TVN24's studio is seen in Warsaw, Poland, on July 29, 2021. The Polish parliament is considering legislation that could strip TVN24 of its license. (Reuters/Kuba Stezycki)

Polish parliament to vote on media bill targeting broadcaster TVN24

Berlin, September 15, 2021 — Polish lawmakers should reject an amendment to the country’s broadcast media law that threatens the independence of commercial television broadcaster TVN24, the Committee to Protect Journalists said today.

The draft amendment, which CPJ reviewed, would change Article 35 of the Broadcasting Act to restrict broadcast licenses solely to companies that are majority-owned by entities inside the European Union, Iceland, Liechtenstein, and Norway. It would thereby block the license of TVN24, one of the country’s most popular news channels, whose parent company TVN is owned by the U.S.-based media group Discovery Inc., according to Reuters.

TVN24’s license is scheduled to expire on September 26, according to that report, which noted that the outlet’s programming is frequently critical of the ruling Law and Justice (PiS) party.

Lawmakers in the Sejm, the lower house of parliament, plan to vote on the amendment before the end of the month, PiS leader Jaroslaw Kaczynski, told Polish state news agency PAP.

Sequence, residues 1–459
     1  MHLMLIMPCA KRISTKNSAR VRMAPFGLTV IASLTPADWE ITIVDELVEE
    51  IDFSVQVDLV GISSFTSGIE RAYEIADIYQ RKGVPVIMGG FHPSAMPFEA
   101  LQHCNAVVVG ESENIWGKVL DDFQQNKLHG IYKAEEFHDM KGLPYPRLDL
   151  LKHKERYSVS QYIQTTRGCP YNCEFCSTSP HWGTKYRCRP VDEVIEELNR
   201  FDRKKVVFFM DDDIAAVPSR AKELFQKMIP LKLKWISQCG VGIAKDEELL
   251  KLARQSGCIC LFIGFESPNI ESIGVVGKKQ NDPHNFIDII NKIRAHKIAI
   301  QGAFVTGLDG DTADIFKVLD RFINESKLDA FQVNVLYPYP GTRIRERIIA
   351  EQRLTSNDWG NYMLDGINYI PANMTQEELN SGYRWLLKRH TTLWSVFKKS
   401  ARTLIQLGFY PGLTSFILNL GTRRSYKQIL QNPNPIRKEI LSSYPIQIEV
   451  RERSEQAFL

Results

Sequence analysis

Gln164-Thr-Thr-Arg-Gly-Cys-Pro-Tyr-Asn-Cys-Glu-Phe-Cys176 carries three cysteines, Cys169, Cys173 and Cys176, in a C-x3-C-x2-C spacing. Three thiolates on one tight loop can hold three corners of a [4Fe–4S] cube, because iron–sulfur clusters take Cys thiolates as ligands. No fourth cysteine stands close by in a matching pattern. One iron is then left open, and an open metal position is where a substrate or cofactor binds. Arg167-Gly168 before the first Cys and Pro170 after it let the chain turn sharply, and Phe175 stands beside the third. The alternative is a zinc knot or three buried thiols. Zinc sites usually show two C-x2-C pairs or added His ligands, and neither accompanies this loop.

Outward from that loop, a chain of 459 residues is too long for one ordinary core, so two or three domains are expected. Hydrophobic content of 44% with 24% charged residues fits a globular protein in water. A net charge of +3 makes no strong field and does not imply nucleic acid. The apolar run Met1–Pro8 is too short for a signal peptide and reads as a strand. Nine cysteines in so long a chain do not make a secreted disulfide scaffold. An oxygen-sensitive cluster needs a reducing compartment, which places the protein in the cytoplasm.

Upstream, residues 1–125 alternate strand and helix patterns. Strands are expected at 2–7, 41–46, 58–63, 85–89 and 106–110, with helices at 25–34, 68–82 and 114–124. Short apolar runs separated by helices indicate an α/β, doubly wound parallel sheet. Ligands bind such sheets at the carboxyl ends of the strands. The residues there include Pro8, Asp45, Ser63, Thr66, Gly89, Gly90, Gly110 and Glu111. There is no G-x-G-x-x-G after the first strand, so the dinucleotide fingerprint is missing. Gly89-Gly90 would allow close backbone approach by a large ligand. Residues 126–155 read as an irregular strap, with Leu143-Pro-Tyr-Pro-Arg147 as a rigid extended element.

“Polish lawmakers should reject the proposed amendment to the country’s Broadcasting Act, which is a transparent effort to target TVN24 for its independent and critical reporting,” said CPJ Europe and Central Asia Program Coordinator Gulnoza Said, in New York. “The proposed amendment would endanger the diversity of media in Poland and impose unnecessary obstacles on news outlets.”

The amendment first passed the Sejm on August 12, but the Senate rejected it on September 10, according to reports by The Associated Press. If the Sejm approves the bill again, it can pass directly to President Andrzej Duda to be enacted, according to those reports, which said that Duda has said he would not sign the bill in its current form.

Following the first approval by the Sejm, U.S. Secretary of State Antony Blinken said Washington was “deeply troubled” by the bill, which he said targeted the most-watched independent news station in Poland and one of the largest U.S. investments in the country, according to reports.

CPJ emailed the press department of the PiS party for comment, but did not immediately receive any reply.